In June the Interior Department imposed tougher safety rules and environmental guidelines on deepwater and shallow water drilling operations. Since then, drillers have faced significant delays in getting permits to drill in shallow waters less than 500 feet deep. Jim Noe is the Vice President of Herculean Offshore and the Executive Director of the Shallow Water Energy Security Coalition. He says the level of scrutiny regulators are now giving to new shallow water drilling applications has created a quagmire.
“We got stuck in the mud with no traction on issuing new drilling permits in the shallow waters. Even though no moratorium was declared in the shallow water, we were under a defacto moratorium ‘cause we just weren’t getting drilling permits issued.”
Noe says, since the spill in April, just five new permits have been approved for wells in shallow waters. He says before the BP disaster, three to five permits a week was the norm. He says with 15 of 46 rigs sitting idle, the longer waiting times for approvals have put shallow water rigs in jeopardy.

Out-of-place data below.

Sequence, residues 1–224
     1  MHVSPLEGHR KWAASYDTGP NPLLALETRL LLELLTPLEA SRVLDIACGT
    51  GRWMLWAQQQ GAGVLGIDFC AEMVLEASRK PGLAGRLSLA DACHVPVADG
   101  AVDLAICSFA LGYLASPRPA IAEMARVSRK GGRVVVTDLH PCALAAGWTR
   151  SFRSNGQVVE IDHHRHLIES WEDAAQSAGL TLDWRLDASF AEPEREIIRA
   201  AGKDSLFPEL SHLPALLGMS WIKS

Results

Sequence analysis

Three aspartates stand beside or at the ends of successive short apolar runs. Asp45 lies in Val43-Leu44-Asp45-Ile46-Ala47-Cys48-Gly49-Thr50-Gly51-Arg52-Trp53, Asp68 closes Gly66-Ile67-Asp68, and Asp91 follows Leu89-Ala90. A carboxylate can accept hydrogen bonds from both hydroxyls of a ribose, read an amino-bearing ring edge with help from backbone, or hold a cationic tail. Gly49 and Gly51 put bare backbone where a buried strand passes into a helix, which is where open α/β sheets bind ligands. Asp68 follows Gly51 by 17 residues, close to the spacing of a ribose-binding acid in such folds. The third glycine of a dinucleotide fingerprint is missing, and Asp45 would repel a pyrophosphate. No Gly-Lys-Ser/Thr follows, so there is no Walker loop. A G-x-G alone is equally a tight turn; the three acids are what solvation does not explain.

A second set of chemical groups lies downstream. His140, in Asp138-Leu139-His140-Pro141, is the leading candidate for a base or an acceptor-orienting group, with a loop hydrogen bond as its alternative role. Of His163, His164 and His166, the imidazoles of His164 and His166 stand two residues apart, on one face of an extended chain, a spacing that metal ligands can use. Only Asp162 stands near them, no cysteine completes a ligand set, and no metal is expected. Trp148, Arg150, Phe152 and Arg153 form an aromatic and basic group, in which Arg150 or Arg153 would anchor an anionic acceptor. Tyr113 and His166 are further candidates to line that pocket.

“There’s a hundred workers that are employed by the drilling contractor on average. And so, 1500 workers that are on company’s payroll don’t have a job to do."
Noe says shallow water advocates support a robust, neutral regulatory body; they just don’t think it’s appropriate to paint all offshore drilling operations with the same regulatory brush.
“We do not discourage scrutiny and regulations. What we’re asking for is that shallow water operations have to be treated differently than deepwater operations.”
Environmentalists on the other hand are encouraged by the trend and say the government should continue with its stringent rules and lengthy review process.